She described some kind of spiritual experience she’d had that sounded half-baked, and I remember thinking, Don’t be telling me this right now. I’m on drugs right now, and if there’s a God, he knows what I’m doing, and he ain’t happy with me right now. I remember thinking, I thought you were an atheist, and I’d accepted that as the answer. That was what made the most sense, scientifically. Of course there’s no God. We evolved from primates who’d evolved from amoebas eventually somehow and there’s not some bearded old man in the sky who controls my destiny. There was not some entity who knew everything that happened and was going to happen. That was my senior year of high school.

And then I met Seth in college a few years later, and his perspective further opened the doorway into a concept that I previously dismissed. But even then I still wanted so badly to have faith, and I thought you had to have dreadlocks, do yoga, hug trees, be a vegan, smoke a lot of weed, and be a very relaxed, chill person who automatically had this thing called spirituality. I wanted to be that person so badly, but I was so tightly wound and so lost that only a drink could unwind me, temporarily.

Fast-forward to seven and a half years ago, six months after I moved to Maryland. One night I was sitting in bed, only slightly buzzed, watching this Alfred Hitchcock movie about a woman who’d woken up in jail after having killed her husband in a blackout. I remember thinking, My God. That could be me. I had no idea what I’d done in my blackouts. No memory. My first husband liked to remind me, and it was not a pretty picture. I was a completely different person when I was drinking. Then I remember thinking, I wish I could find God.

Then something happened.

I felt like a higher power was there in the room with me. This thought came to me: God is right here, now.

It felt the same as when Sherry told me she’d found God but less scary. Not exactly comforting, but somehow just this knowing feeling. This time another thought came to me: You will never find God as long as you’re sitting here getting drunk every night.

Where did that thought come from? How did I know that? Somehow I just knew it. I had not heard it anywhere. No one told me that in order to get sober I had to believe in God. I had no idea what AA was all about, that it was based on spiritual principles. All I knew was that I was blocked off from the world sitting in my room alone watching creepy psychological thrillers about the very real possibilities of what human beings are capable of. I was not really living life, not participating in any fulfilling or meaningful way. I had no friends. I worked from home. I hated Maryland (which I now love, btw—this is a beautiful state), I hated the snow, I hated the landscape, I hated the people, I hated my apartment. All of those things I now love (except the apartment—that place sucked).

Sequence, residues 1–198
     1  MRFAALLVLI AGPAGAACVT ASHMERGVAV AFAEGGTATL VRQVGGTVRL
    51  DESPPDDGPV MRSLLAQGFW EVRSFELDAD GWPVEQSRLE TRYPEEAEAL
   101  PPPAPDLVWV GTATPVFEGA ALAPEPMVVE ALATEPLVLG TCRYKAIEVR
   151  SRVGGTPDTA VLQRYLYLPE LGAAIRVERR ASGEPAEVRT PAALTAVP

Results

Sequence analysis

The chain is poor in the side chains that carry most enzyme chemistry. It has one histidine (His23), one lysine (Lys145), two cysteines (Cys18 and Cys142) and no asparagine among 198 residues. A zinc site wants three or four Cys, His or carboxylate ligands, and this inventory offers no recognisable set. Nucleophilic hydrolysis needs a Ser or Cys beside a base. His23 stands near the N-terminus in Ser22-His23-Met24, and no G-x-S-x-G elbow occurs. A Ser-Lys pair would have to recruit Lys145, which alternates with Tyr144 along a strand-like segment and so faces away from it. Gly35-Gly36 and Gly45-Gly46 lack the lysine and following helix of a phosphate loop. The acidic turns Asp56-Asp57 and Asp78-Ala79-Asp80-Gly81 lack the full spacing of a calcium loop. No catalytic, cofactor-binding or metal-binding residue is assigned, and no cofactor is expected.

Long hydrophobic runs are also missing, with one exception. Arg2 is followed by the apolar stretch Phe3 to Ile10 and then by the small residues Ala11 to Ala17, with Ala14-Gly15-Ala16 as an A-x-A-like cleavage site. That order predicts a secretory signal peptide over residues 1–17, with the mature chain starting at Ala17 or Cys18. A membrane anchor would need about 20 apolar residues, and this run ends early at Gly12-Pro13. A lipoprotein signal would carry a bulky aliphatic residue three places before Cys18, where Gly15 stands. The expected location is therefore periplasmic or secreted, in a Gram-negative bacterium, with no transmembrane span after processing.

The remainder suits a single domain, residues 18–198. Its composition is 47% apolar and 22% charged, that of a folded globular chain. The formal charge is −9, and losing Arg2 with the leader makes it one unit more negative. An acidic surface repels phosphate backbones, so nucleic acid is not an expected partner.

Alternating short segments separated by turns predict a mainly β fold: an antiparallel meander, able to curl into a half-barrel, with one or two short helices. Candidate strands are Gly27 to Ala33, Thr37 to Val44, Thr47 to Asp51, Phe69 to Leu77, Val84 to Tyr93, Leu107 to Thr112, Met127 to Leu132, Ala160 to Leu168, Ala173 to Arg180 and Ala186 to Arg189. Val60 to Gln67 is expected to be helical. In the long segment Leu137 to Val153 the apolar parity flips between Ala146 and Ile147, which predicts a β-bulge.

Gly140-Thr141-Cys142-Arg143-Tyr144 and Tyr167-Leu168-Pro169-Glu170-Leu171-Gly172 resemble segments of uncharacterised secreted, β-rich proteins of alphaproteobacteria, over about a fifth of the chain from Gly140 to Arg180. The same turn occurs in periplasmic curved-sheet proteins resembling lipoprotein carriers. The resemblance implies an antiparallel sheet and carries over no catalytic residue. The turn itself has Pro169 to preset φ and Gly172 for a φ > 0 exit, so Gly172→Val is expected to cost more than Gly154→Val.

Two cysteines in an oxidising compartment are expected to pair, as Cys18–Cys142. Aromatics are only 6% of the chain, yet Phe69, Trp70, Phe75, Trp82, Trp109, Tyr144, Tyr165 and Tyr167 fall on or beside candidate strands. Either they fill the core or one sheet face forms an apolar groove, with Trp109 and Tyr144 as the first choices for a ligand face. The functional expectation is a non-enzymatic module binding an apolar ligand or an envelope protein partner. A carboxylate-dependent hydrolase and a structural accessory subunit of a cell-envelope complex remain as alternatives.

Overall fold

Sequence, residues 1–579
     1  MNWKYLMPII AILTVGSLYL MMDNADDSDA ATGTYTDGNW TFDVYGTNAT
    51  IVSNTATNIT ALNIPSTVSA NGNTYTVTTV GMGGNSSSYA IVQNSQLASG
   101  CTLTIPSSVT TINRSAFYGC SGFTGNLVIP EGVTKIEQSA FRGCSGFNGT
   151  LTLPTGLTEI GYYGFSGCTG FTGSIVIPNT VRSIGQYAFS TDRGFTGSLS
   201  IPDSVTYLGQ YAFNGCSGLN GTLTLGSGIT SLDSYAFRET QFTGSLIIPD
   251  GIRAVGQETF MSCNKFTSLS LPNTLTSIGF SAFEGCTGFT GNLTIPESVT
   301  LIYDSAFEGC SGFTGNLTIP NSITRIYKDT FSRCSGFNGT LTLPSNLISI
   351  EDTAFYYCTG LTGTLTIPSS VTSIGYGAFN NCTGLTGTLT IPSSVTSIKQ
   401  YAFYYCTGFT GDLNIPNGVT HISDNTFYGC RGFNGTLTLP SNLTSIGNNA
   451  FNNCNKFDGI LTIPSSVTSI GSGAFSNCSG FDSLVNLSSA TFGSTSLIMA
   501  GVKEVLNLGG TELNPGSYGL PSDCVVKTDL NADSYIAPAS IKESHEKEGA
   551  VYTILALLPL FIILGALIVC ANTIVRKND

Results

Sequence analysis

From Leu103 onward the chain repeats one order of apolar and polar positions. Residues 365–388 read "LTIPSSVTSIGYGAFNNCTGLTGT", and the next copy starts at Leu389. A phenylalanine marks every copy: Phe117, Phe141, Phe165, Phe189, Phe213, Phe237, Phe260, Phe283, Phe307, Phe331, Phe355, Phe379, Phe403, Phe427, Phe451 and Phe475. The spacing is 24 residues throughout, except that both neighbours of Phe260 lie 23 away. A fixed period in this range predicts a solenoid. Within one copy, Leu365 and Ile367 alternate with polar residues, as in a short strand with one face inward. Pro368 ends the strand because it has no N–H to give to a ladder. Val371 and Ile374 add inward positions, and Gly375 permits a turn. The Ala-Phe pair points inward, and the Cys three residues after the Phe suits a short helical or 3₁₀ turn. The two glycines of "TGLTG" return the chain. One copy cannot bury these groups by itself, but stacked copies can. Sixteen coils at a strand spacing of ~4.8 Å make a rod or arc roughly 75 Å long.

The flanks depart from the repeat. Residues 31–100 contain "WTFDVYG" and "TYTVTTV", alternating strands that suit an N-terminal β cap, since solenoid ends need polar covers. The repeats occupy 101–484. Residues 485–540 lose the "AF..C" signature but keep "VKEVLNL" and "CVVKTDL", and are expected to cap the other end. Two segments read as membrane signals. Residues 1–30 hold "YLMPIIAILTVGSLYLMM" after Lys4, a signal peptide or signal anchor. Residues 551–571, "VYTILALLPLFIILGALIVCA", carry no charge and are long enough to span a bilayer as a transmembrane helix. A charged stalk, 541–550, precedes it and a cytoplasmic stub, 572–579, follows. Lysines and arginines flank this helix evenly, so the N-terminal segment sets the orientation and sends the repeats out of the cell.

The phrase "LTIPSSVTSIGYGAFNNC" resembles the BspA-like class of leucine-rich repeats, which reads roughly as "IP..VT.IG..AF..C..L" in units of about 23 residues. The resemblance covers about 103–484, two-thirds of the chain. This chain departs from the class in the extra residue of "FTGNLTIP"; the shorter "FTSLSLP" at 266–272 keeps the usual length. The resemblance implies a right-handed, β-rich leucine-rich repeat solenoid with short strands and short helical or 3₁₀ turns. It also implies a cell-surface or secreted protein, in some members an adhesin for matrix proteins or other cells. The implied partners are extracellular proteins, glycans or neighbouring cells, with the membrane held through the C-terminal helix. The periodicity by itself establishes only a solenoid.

A month later I decided I was sick and tired of being sick and tired, as they say in the rooms. I was sick of the hangovers, that’s all. I was not thinking about God. So I went to an AA meeting.

And they talked about a higher power in there. I had no idea that AA had anything to do with a higher power.

For a lot of people who come to AA, the idea of God is a repellent. So many people grew up with religion being forced on them, and the notion of God as a punishing God is a pervasive cultural belief, ingrained in us from the time we’re born, even if we didn’t go to church growing up. Then there are people from other religions, who come to AA and feel alienated because in most meetings we say the Lord’s prayer. It’s a shame really, that the program is not more inclusive, and equally a shame that many people can’t get past that. Easy for me to say, being neither atheist nor religious. And that includes Christianity. I am not a Christian, but I respect Christians who truly believe in living a positive way of life, just as much as I respect Muslims, Hindus, Jewish people, atheists, and agnostics who exercise their life-views in positive ways. Buddhism makes the most sense to me, as a practical way of life, but I am not a Buddhist either. I believe in a higher power, which I call God, simply because it’s easier to call it God than anything else, and most people know what that means, though we have different interpretations.